U.S. and UK Must Hang Together in Face of Terror
As the threat of jihad grows, the special relationship is more important than ever.
February 7, 2010 - 12:00 am
The British government’s recent elevation of the terrorist threat level signifies an attack is highly likely. It is responding perhaps to events such as the failed al-Qaeda attempt to down an airliner over Detroit and the report that non-Arab women are being trained as suicide bombers. While their increased vigilance is sensible, the United Kingdom remains an inadvertent exporter of terrorism.
The United Kingdom has been wobbly in quashing radicals who inspire jihadists to take up arms against freedom-loving nations. The government continues to allow extremists a forum in the name of free speech. For example, cleric Yahya Ibrahim, who advocates violence against the West, is being allowed to enter the UK to speak at universities and mosques. Ibrahim is one of several hardliners allowed into the UK despite being banned from the U.S.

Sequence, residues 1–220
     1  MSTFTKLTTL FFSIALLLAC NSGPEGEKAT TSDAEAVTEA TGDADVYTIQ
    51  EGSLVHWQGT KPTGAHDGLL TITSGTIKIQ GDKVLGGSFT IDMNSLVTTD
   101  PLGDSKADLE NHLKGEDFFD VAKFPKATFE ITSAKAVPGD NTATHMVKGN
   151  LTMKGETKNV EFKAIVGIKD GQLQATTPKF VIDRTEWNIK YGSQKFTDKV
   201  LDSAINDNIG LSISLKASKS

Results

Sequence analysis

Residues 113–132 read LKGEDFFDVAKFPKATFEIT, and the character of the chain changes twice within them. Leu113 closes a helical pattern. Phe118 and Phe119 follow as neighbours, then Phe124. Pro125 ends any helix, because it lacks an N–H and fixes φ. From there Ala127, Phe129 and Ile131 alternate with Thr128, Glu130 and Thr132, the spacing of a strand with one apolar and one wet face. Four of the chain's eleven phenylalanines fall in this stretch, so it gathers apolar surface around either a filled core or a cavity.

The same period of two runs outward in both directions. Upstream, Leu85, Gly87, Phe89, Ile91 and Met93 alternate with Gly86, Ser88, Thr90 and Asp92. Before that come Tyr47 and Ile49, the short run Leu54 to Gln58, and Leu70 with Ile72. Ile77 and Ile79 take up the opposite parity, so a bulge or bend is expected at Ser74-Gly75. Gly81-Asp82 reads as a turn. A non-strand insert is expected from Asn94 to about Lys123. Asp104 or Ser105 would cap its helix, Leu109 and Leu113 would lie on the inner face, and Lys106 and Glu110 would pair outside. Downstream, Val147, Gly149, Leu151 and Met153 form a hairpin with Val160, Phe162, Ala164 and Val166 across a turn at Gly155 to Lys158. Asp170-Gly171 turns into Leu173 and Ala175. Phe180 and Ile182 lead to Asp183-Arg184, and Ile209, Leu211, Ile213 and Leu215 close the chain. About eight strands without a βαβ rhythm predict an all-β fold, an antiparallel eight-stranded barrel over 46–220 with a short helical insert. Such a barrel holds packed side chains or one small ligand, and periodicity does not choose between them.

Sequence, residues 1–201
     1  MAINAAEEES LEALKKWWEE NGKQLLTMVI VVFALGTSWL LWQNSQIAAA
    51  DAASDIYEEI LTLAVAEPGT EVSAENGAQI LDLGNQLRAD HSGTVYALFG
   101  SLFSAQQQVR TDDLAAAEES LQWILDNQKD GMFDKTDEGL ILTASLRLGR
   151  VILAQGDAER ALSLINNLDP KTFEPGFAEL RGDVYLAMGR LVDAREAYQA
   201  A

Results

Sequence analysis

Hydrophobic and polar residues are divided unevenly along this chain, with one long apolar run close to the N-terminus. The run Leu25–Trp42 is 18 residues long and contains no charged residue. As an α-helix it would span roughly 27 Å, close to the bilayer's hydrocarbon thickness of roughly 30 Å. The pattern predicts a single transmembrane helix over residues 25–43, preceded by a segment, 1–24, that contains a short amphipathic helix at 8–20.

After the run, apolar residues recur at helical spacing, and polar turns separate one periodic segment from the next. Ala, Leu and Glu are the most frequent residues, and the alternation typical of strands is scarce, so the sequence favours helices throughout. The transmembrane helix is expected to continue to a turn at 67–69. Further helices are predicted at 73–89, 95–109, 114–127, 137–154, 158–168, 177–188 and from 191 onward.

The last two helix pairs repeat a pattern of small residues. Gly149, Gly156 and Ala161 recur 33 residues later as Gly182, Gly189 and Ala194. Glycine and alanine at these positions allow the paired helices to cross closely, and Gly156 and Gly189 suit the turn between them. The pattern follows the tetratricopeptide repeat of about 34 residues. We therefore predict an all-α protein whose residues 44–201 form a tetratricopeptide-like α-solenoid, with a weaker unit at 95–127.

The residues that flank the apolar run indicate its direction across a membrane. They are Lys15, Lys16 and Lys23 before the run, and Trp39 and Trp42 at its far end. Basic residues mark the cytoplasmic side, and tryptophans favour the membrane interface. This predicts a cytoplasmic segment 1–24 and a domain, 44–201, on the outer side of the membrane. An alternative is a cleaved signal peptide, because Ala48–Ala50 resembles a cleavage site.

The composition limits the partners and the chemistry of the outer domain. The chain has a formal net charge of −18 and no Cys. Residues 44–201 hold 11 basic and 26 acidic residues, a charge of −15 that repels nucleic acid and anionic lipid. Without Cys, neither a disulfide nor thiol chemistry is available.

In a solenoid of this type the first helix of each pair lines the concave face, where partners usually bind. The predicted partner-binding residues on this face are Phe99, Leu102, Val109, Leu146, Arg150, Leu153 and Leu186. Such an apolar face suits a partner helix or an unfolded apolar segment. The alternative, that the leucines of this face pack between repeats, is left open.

Instead, Dutch parliamentarian Geert Wilders was denied entry because he produced a film criticizing Islam. To allow a man essentially branded a terrorist by the U.S. to speak at a university defies reason. Let’s not forget that Umar Farouk Abdulmutallab, the al-Qaeda operative who attempted to detonate an airliner, was radicalized while attending University College London.
British politicians are chided for using the words “Islam” and “terrorism” in the same sentence, let alone going after those who inspire terrorists; in such an atmosphere it is not surprising that the UK has become the nexus for dangerous ideologies. This is the real reason an increased threat level is necessary. Until the British address the home front, the entire Western world is imperiled.
But there are some encouraging signs. Anjem Choudary, a London-born lawyer and leader of the organization Islam4UK, recently announced his intent to stage a protest against the “occupying and merciless British military” in the town of Wootton Bassett. The town has achieved fame because hundreds of people regularly line the streets to mourn passing caskets of British casualties flown into the nearby airbase.
Prime Minister Brown issued a statement saying he was “personally appalled” and Home Secretary Alan Johnson offered support to any local government effort to ban the protest. Johnson later announced that the group itself had been outlawed under a measure allowing the government to ban promoters of terrorism.